Achiote: Ground annato seeds. You can usually find these in the grocery store now in the Hispanic foods section, with the dried chiles, but if you can't manage to score this stuff, the closest approximation to it is paprika.

With these unusual ingredients in hand, along with the rosemary, garlic, beer, ginger, soy sauce, salt, and pepper the recipe called for, I set about concocting my pollo a la brasa.

Because the chicken I happened to have was a genetically freakish 7-pounds (for future reference, this recipe would probably work better with a 3-4 pound bird), I doubled the original marinade recipe. If you do this, do not double the beer in the recipe. My marinade was very soupy when it should have been more of a paste. In fact, just add splashes of beer until the ingredients are the right consistency.

Still, I dressed it up, got as much of it under the skin as I could, and let the bird bathe for 5 hours. Then it was time for the grill. Because we didn't have a rotisserie setup, we utilized the beer can method (although we didn't put the beer can in it, we just used the stand to make the bird upright) and set it to cook over indirect coals. 90 minutes was plenty of time to achieve poultry nirvana.

It came off looking lacquered and lucious. Pollo a la brasa was mine!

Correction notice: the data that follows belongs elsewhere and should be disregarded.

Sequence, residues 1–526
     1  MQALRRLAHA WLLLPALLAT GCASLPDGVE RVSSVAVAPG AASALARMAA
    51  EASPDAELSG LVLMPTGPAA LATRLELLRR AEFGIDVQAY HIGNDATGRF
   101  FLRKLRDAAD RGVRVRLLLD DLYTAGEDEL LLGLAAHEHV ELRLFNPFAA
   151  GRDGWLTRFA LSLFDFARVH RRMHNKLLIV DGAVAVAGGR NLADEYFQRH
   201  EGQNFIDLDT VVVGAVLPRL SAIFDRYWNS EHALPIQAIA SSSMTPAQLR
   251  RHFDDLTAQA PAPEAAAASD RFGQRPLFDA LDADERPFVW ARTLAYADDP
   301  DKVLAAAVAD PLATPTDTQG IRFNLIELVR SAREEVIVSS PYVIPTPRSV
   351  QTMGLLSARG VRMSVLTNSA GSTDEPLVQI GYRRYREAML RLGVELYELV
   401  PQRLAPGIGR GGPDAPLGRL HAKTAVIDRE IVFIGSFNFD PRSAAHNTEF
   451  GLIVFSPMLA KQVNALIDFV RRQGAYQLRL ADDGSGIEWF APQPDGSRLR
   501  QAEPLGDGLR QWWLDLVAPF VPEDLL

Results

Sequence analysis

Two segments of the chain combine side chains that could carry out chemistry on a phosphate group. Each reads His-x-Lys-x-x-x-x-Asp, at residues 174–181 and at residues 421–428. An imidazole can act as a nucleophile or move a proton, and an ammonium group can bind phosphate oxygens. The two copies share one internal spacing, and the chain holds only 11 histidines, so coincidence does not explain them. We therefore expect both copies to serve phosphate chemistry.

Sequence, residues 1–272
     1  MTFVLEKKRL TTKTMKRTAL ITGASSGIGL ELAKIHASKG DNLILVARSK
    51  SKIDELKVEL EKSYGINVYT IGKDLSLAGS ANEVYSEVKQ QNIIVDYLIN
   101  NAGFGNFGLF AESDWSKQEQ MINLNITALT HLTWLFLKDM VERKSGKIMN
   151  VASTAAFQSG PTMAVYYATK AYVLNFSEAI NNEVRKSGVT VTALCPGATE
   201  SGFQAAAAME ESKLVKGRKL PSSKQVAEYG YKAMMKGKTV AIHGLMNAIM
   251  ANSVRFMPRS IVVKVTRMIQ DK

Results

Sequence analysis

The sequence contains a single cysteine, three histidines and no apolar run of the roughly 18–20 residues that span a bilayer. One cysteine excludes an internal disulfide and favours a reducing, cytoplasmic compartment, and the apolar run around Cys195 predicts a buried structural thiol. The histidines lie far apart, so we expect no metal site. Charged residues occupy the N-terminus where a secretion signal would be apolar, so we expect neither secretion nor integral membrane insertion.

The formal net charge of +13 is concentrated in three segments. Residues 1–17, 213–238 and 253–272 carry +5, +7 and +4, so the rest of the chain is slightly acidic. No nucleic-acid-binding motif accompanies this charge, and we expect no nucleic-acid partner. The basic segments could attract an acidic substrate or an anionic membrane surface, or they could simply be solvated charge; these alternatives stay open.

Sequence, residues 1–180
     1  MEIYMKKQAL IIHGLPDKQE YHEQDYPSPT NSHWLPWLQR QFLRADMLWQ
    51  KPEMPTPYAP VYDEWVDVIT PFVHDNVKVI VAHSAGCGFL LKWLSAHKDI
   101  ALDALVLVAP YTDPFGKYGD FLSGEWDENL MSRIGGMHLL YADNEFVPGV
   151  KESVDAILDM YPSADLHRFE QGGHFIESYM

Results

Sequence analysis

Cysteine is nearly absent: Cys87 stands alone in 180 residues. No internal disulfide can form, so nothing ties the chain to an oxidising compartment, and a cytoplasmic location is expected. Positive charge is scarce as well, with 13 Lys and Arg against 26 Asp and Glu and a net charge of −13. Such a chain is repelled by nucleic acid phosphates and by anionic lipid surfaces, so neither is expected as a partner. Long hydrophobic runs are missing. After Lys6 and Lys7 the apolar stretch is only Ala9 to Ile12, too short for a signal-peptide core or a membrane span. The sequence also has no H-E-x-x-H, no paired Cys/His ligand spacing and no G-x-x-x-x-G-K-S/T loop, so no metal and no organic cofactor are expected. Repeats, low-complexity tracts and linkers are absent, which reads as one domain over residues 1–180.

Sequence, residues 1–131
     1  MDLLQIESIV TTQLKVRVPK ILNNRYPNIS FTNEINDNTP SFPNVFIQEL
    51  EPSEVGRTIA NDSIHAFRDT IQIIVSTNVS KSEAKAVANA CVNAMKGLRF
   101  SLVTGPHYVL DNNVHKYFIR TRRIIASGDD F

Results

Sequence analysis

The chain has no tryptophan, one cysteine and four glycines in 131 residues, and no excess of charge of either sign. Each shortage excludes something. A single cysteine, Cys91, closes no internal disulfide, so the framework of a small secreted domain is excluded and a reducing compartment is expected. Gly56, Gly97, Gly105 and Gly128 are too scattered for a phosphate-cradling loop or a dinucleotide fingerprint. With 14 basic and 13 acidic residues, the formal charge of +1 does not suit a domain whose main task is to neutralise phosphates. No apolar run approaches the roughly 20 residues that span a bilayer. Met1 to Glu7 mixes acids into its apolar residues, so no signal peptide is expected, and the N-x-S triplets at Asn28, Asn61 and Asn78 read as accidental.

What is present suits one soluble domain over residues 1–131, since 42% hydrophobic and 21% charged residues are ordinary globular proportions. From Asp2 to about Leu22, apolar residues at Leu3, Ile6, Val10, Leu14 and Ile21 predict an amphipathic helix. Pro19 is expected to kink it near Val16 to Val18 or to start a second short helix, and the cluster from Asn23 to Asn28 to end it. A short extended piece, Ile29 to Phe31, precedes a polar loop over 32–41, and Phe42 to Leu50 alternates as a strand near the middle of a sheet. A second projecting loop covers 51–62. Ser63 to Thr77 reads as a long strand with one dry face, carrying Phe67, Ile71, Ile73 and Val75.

Well, mostly. The chicken was delicious. Six of us devoured it down to bare bones within 30 minutes, and there were no complaints. We all thought it was a very close approximation to our favorite local joint.

But it still wasn't exactly what I was after. While I was heartened to taste many of the flavors of the pollo a la brasa I'd eaten before, they weren't quite intense enough. These are the things I'm going to try next time:

1. Make the marinade thicker and more like a paste (less beer)
2. Use fresh aji or more aji paste
3. Use fresh ginger (I used ginger paste in a tube, and I don't think the flavor came through enough)
4. More cumin and huacatay

I think, however, for the first attempt, it was a success, and it was good to know that I had entered the ballpark. But like the secretive Andeans, I will have to use this recipe as a foundation and build upon it until I have a pollo a la brasa recipe that is all my own.

If you try the Holy Pollo recipe, serve it alongside some black beans, rice, and some tostones. You won't be sorry. Here are the basic ingredients for the marinade. Visit the site for more details on cooking methods and substitutions.

  • 1 (2 1/2 to 3 1/2 pound) broiler-fryer chicken
  • 1 tablespoon rosemary
  • 1 teaspoon huacatay
  • 1/2 tablespoon salt
  • 1 teaspoon cracked black pepper
  • 1 teaspoon cumin
  • 1/2 teaspoon Ground Achiote(Annato) (substitute Paprika)
  • 1 tablespoon soy sauce
  • 1 teaspoon ginger paste
  • 1 tablespoon aji (either fresh or minced fresh)
  • 2 tablespoons garlic paste
  • 1/4 cup beer (any ale will do)
  • splash vinegar
  • salt and pepper
Puree ingredients until you have a paste. Thin with additional beer if necessary. Rub chicken all over with th marinade, including under the skin of the breast as the flavoring does not penetrate the skin. Place in a covered bowl or large freezer bag and allow to marinate for 6 hours.